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Breaking Up Harmonics

Last Updated: Oct 08, 2015 08:29AM EDT
I do not like "breaking up harmonics". I have also heard that we are "dialing in the harmonics", which I also do not like. 

A "harmonic" in vibrations and acoustics is a signal, or a wave, or a sound whose frequency is an exact integer multiple of a fundamental frequency. If a vibration occurs at 712 Hz, then the harmonics are 1424 Hz, 2136 Hz, 2848 Hz, ... so what exactly is the harmonic that is being being broken up? I think the confusion that "vibration" = "harmonic" contributes to the low quality of discussion on this topic. It is like confusing mass and weight.

I'd say that the reason that the variable pitch design works it that it disturbs the regeneration of waviness mechanism that is responsible for chatter. If necessary, I'd explain regeneration of waviness: 

Any (even small) vibration between the tool and the workpiece leaves a wavy surface. Subsequent teeth encounter the wavy surface, which causes a variable force. The variable force causes a vibration that leaves another wavy surface. When the vibrations and surface waves get lined up right, the vibration grows and chatter happens. Variable pitch makes sure that the waves don't get lined up right.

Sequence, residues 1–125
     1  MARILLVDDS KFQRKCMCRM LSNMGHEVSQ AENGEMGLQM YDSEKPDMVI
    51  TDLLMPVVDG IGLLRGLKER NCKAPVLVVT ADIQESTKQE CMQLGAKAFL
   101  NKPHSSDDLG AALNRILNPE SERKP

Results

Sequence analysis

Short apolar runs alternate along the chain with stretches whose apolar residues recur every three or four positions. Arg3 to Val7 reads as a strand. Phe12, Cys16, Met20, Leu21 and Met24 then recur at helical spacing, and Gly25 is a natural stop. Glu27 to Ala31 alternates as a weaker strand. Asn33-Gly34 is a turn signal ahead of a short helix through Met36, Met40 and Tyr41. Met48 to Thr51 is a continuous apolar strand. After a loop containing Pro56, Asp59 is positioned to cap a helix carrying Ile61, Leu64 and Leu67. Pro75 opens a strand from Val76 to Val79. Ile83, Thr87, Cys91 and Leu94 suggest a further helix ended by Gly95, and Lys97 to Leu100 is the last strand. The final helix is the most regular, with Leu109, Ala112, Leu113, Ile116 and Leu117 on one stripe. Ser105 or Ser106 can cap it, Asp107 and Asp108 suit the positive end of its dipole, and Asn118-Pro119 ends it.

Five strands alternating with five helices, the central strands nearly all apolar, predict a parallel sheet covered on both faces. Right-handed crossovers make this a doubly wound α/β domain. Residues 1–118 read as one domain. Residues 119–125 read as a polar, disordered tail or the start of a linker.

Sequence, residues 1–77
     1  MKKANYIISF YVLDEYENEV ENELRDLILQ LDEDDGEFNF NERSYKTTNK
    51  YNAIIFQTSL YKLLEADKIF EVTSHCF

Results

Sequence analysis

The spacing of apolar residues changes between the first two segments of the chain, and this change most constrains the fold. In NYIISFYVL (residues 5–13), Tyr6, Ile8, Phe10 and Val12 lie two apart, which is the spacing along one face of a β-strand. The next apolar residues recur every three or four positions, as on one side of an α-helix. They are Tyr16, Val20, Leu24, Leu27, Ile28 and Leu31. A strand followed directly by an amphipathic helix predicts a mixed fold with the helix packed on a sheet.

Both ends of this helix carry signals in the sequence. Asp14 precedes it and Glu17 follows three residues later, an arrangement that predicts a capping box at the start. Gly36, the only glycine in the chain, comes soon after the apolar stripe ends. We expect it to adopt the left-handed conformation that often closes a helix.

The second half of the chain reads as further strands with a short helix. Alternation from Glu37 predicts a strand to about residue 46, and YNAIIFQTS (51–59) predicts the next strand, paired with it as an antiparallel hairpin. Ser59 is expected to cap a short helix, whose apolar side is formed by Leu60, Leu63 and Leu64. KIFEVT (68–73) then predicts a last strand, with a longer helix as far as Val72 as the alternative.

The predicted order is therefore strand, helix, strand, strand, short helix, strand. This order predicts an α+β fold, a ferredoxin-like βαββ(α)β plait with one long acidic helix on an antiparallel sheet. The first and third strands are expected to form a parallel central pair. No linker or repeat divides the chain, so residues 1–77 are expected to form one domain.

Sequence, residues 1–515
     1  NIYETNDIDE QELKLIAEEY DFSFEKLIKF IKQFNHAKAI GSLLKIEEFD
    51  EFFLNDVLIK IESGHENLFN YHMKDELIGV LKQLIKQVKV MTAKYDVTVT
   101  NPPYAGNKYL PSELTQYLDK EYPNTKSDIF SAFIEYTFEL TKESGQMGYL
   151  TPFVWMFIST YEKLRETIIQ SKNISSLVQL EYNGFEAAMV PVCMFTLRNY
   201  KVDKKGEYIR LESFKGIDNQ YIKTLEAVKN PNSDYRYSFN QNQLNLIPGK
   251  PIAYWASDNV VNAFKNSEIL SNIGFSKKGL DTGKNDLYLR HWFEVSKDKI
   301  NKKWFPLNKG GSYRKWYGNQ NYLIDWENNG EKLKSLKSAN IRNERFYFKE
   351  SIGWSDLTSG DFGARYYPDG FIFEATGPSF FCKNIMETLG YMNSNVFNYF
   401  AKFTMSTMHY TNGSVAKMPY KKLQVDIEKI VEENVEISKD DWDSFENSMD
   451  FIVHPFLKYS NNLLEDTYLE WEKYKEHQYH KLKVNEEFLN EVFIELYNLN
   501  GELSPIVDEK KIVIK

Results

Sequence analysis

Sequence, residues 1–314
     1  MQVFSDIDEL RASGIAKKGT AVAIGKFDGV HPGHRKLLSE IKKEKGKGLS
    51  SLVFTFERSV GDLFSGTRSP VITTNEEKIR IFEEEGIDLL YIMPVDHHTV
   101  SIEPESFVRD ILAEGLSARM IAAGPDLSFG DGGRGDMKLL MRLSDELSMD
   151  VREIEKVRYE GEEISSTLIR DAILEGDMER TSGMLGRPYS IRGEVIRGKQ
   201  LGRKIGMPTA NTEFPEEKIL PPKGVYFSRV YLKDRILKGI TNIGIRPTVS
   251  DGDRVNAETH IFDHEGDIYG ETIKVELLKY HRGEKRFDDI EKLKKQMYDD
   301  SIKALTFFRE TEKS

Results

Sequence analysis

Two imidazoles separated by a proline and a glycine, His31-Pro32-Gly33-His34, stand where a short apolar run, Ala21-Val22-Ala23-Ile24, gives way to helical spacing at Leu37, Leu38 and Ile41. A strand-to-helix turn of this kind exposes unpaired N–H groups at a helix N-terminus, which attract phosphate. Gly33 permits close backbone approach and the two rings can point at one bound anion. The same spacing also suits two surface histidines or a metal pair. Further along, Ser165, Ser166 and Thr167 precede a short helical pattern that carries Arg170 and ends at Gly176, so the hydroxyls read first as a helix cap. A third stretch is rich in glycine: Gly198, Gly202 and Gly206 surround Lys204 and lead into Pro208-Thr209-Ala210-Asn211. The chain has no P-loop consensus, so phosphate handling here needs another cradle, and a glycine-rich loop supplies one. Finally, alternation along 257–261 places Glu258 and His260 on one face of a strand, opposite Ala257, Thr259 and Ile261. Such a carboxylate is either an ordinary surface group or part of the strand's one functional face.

Dr. Scott Smith


I agree with Scott.  We need to come up with a 1 phrase description that we can all expand on when necessary.  It is a pain to have to start every conversation by explaining why the current and widely accepted description is wrong.  


So what can we substitute that would be acceptable.

"Disruption of regenerative vibrations???"
"Interruption of the repetitive tool/workpiece interactions"

Nothing good above but we need to get something that is at least better than this harmonic issue. 

Dr. Tom Delio



I put together a "simple" description of frequency content with and without variable pitch teeth. Please see attached and let me know what you think. It certainly refutes the notion of "breaking up harmonics".

Dr. Tony Schmitz



 
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